Eurasian Countries Push Ahead on the Implementation of Eurasia-REACH

The proposed second-tier documents for Eurasia-REACH are expected to be approved by mid-2019. If all go as planned, the REACH-like chemical regulation in Eurasian countries, EAEU TR 041/2017 (TR 41), should come into force in 2021.


Introduction to Eurasia REACH

Eurasia-REACH is expected to include provisions that could be burdensome to industry, especially to small- and medium-size enterprises:

  • Requirements to register substances <1 tonne/year;
  • Inclusion of mixtures in the registration scheme, also with no minimum volume exclusion;
  • Extensive information requirements, with no reduced testing for lower volume bands; and
  • Criteria for identification of substances of high concern include GHS aquatic chronic category 1 classification instead of persistence, bioaccumulation, and toxicity (PBT and vPvB).

On the positive side, although there is no de minimus tonnage volume, TR 41 states that substances present in mixtures at <0.1% are exempt from identification as new chemical substances and therefore from chemical registration.

According to the requirements of the draft Eurasia-REACH, the inventory of existing chemicals in all EAEU countries should be finalized by 1 January 2020, but this deadline is expected to be extended. Although Kazakhstan started its inventory listing procedure in February with a deadline at the end of 2019, it is still unclear when the draft deadline will be implemented in the five countries.

A unified register will have information on hazard classifications, impact on health, first aid measures, etc. If the unified register is implemented, and TR 41 takes effect, GHS also becomes mandatory. This will succeed to modernise and harmonise SDSs and labels in the five countries, which currently have only a mutual recognition agreement for hazard classifications.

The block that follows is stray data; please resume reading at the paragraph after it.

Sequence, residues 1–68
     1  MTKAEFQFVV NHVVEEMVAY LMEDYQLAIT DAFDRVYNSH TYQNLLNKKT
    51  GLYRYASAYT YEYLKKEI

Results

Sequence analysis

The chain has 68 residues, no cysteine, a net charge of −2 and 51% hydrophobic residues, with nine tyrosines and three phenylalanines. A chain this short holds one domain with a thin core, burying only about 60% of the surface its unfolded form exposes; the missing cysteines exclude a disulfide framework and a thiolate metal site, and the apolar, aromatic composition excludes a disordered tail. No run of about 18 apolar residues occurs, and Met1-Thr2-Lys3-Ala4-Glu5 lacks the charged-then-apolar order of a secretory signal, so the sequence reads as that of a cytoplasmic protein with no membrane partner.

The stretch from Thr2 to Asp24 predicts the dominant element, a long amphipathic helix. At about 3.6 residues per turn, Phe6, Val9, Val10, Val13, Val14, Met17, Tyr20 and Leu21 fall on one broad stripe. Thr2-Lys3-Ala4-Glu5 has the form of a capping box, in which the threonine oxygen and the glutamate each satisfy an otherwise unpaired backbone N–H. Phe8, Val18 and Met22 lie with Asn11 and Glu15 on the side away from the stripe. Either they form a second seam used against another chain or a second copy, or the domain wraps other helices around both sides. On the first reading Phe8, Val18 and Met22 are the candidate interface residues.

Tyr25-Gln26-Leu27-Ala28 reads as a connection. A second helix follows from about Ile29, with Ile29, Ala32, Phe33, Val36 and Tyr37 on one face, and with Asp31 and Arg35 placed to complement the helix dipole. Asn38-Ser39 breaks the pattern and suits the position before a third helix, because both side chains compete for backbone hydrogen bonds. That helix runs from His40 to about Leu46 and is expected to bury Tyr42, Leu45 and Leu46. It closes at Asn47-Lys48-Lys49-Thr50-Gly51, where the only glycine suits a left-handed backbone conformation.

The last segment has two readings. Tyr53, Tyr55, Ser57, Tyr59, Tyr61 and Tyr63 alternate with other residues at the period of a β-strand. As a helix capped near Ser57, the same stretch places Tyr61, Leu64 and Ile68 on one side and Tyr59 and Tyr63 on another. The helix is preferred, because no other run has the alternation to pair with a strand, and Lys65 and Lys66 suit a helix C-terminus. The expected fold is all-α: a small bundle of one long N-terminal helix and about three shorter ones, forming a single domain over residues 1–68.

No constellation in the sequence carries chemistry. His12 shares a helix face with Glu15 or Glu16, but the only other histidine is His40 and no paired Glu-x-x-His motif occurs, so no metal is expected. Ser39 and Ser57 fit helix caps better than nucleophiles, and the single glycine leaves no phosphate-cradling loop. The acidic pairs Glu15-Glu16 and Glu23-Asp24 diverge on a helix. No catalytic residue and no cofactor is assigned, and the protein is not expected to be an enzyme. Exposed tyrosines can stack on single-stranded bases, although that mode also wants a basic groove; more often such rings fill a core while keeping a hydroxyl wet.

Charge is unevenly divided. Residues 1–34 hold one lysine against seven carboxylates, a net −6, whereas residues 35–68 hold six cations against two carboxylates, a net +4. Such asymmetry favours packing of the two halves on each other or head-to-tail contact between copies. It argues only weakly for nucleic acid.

The requirement to register substances and mixtures <1 tonne/year has not been amended in the draft secondary legislation, but the text has been amended to require the national authorities to evaluate the feasibility of this provision and advise the Eurasian Commission by 2 June 2028, before registration of such low volumes would take effect.

Drafts of the secondary legislation are in a "high degree" of readiness. The documents are in legal review with approval anticipated by the end of the second quarter. At the same time, the register of chemicals and mixtures of the Eurasian Economic Union will begin to be formed. However, the bigger problems – the timeline for implementation and a split between Russia and its neighbours – may not be so easily resolved.

Background of Eurasia REACH

Russia, Belarus and Kazakhstan founded the Eurasian Customs Union in 2010, which was extended to Armenia and Kyrgyzstan and led to the five-country Eurasian Economic Union (EAEU). However, as the five nations had difficulty reaching a consensus, Russia split with the group last year, adopting its own version of REACH, which is scheduled to enter into force in July 2021.

The adoption of national standards by Russia could leave related enterprises saddled with one set of rules for Russia and another for Armenia, Belarus, Kazakhstan, and Kyrgyzstan.

But Russia would not be in a position to maintain its own national standard if the Eurasian standard is implemented. If Eurasia member states do agree on the way forward, Russia-REACH could be revoked by a separate decree, making Eurasia-REACH the single chemicals regulation for the whole market. At the moment nothing is certain, but all the efforts are being made for TR 41 to see daylight.

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